Inventor: Shakeel Avadhany, Zack Anderson, Zack Jackowski, Ryan Bavetta and Vladimir Tarasov
Time: 2 years
Is It Ready Yet? 1 2 3 4 5
The idea for an energy-producing shock absorber started humbly enough, just another wild invention tossed out during a late-night dorm-room bull session. Only, the students involved were among MIT's best, and they actually went ahead and built it. Two years later, they've got a shiny Hummer H1, loaned by the manufacturer to use as a rolling testbed, and their GenShock may soon find its way into the military's fleet of Humvees.
The team — Shakeel Avadhany, Zack Anderson, Zack Jackowski, Ryan Bavetta and Vladimir Tarasov — came up with a way to harness the energy generated by the up-down motion of a vehicle's shocks as they compress over dips, bumps and potholes. The power that the GenShock system produces lets the alternator, which is driven by the engine and provides electricity to charge the battery, do less work. And that, ultimately, saves fuel.
They began by creating a simple hydraulic system, in which the shock absorber's piston pumps fluid to drive a hydraulic motor and a miniature electric-motor generator. The team's first prototype generated a total of 800 watts of continuous power with four shocks, and up to five kilowatts — about seven times as much as a typical car alternator produces — over nasty off-road terrain. They estimate that their next version could double the generating capacity, boosting fuel mileage on paved roads by 2 to 5 percent in commercial trucks and 6 percent in military vehicles, which when fully armored can slurp diesel at a dispiriting four to eight miles per gallon. Hybrids, which can store GenShock electricity in their batteries, would gain the most — up to 10 percent.
As a retrofit for large commercial trucks, "the system could pay for itself in fuel savings in a little over a year," Avadhany says. Although paved roads generate less shock movement, the regular high-frequency oscillation can still produce useful power. And as a bonus, the invention could potentially provide better performance and handling when coupled with a computer sensor system that reads the road and varies resistance over the shocks.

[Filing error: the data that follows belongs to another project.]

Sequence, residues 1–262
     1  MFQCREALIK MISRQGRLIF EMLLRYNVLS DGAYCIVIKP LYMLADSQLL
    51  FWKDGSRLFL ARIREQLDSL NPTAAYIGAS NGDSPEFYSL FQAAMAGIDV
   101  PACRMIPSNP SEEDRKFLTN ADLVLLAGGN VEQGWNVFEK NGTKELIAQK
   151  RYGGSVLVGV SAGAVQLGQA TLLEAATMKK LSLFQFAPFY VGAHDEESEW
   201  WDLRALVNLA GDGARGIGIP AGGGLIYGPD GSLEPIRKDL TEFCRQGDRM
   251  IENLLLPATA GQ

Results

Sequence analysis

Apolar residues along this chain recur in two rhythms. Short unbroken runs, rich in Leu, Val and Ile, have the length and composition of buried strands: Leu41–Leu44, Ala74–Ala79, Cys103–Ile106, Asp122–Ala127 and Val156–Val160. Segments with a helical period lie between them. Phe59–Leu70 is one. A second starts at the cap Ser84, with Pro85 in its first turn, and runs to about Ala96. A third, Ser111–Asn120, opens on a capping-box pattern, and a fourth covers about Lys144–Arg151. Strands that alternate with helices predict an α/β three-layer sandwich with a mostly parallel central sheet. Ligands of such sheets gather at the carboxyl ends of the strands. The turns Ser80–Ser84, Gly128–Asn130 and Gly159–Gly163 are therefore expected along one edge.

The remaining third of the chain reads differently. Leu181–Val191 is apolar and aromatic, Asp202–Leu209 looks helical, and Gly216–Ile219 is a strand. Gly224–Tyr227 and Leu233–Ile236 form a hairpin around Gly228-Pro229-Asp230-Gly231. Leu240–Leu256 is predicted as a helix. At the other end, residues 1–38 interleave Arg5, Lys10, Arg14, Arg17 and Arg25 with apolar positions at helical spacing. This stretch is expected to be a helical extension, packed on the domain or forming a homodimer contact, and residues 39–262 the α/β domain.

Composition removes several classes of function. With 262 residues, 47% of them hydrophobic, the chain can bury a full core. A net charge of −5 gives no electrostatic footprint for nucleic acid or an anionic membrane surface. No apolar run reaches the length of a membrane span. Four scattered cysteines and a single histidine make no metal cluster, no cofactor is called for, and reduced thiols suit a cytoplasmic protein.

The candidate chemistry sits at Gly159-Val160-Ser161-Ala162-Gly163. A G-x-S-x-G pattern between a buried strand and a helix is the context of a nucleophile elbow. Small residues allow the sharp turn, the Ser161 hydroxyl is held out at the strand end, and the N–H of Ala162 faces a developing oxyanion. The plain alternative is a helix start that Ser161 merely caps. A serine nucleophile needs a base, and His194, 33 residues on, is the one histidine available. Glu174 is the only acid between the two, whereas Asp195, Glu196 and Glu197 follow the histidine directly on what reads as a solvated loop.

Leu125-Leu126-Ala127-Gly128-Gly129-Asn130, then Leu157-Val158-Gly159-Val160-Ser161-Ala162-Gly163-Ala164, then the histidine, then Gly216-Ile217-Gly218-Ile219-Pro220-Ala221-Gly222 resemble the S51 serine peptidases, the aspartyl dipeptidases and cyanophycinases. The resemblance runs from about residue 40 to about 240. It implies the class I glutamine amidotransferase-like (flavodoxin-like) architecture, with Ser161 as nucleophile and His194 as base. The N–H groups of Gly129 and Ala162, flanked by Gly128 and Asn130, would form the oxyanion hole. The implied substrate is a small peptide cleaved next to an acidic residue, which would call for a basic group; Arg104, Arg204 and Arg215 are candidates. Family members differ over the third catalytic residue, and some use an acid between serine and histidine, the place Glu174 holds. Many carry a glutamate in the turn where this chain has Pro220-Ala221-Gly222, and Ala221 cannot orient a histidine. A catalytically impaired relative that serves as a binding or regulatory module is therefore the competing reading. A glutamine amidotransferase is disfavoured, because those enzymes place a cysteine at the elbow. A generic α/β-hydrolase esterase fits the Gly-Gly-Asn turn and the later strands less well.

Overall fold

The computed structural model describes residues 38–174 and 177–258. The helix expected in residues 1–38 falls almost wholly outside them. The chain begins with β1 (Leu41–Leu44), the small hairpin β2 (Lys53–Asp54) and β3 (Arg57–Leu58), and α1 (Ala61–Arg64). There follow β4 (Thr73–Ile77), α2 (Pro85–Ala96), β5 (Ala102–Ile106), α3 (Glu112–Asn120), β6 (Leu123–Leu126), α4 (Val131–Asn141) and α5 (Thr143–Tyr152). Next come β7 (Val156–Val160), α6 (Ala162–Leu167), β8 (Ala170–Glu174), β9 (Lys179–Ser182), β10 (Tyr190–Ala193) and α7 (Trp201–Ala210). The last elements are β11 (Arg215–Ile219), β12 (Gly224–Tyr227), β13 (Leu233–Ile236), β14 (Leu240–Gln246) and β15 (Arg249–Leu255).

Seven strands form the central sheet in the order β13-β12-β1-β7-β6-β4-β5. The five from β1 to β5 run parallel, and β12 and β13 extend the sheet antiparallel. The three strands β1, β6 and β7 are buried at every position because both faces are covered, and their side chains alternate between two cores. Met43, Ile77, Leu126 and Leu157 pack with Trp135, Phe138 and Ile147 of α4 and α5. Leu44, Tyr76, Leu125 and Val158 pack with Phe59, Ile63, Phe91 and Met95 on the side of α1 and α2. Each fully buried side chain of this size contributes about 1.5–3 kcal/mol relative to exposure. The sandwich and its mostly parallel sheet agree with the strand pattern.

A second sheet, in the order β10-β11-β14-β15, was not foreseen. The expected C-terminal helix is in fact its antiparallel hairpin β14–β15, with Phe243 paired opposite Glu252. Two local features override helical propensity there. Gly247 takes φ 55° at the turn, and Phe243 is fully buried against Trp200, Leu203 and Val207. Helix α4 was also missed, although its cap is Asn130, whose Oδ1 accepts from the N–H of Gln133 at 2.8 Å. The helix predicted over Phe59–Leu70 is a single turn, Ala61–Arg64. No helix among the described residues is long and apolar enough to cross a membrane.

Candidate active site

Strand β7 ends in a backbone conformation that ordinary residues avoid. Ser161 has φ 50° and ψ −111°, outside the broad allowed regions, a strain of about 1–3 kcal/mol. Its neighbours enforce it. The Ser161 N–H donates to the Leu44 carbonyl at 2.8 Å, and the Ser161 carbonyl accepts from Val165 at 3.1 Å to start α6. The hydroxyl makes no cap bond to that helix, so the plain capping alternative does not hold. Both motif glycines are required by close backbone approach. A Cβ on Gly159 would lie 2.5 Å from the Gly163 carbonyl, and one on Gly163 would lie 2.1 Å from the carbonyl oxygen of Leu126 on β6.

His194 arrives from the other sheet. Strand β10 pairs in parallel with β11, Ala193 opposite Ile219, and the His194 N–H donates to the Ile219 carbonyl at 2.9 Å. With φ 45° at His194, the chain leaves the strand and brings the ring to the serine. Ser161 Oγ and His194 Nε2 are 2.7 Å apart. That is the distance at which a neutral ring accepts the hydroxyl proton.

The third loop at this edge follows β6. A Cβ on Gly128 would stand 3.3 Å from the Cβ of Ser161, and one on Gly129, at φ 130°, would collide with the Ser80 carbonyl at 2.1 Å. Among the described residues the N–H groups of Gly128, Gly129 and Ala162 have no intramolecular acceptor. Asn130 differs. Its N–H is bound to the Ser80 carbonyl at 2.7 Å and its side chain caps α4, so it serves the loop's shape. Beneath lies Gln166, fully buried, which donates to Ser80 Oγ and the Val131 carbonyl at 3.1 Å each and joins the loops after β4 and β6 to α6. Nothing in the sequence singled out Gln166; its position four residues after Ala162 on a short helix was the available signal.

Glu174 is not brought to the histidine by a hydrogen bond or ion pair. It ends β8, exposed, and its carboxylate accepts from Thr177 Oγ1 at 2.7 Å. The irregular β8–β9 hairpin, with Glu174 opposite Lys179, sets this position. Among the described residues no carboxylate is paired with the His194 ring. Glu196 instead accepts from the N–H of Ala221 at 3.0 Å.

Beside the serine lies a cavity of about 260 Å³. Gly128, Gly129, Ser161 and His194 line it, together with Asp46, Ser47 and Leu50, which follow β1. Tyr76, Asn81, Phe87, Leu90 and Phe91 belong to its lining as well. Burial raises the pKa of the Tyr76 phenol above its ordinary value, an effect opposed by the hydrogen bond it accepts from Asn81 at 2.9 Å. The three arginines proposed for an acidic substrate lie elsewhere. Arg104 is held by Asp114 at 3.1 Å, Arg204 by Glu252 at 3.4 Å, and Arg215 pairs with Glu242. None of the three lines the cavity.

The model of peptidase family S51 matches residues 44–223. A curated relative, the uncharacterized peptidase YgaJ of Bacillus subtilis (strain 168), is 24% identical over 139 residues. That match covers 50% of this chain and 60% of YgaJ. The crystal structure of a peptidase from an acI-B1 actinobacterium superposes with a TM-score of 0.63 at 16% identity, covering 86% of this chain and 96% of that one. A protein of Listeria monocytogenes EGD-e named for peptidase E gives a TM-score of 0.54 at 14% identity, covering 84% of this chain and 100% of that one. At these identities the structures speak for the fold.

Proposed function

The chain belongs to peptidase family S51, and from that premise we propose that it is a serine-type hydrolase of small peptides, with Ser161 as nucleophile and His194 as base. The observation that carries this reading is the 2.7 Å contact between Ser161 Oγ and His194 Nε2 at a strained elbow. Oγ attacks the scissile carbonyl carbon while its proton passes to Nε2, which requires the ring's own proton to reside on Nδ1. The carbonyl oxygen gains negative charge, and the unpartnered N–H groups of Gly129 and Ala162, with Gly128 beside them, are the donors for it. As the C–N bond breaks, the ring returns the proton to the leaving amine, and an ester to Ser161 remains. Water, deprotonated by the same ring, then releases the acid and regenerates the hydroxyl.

MIT's licensing department showed interest in acquiring the technology, but in 2007 the group decided instead to incorporate as Levant Power. Later, one of their professors brought their work to the attention of Paul J. Kern, a retired four-star army general and the president of Humvee manufacturer AM General. He wanted further evidence of GenShock's electricity-generating potential. "It started as, ‘Let's see what you can do,' " Avadhany recalls. "We weren't expecting them to ship us a Hummer in the mail." When the device showed promise in tests, a lucrative development contract followed.
Working between classes from a rented warehouse and makeshift office in South Boston, the team outfitted the hulking SUV with the GenShock system and data-acquisition gear. During 500 miles of real-world testing, they began replacing existing components with custom miniaturized parts to scale down the shock's size and weight and generate more power, while meeting the military's sky-high standards for durability and performance. The system must last the lifetime of the vehicle, operate effectively when submerged in water, and limit electrical noise that could cause interference with other equipment.
The group is now speaking with the Office of Naval Research; the army's Tank Automotive Research, Development and Engineering Center; and truck builders such as Navistar and Mack Trucks. If any of those groups put in an order for the GenShock system, the inventors, now all graduated, won't even have to send out their résumés. "This is it," Anderson says. "This company is our job."
Five amazing, clean technologies that will set us free, in this month's energy-focused issue. Also: how to build a better bomb detector, the robotic toys that are raising your children, a human catapult, the world's smallest arcade, and much more.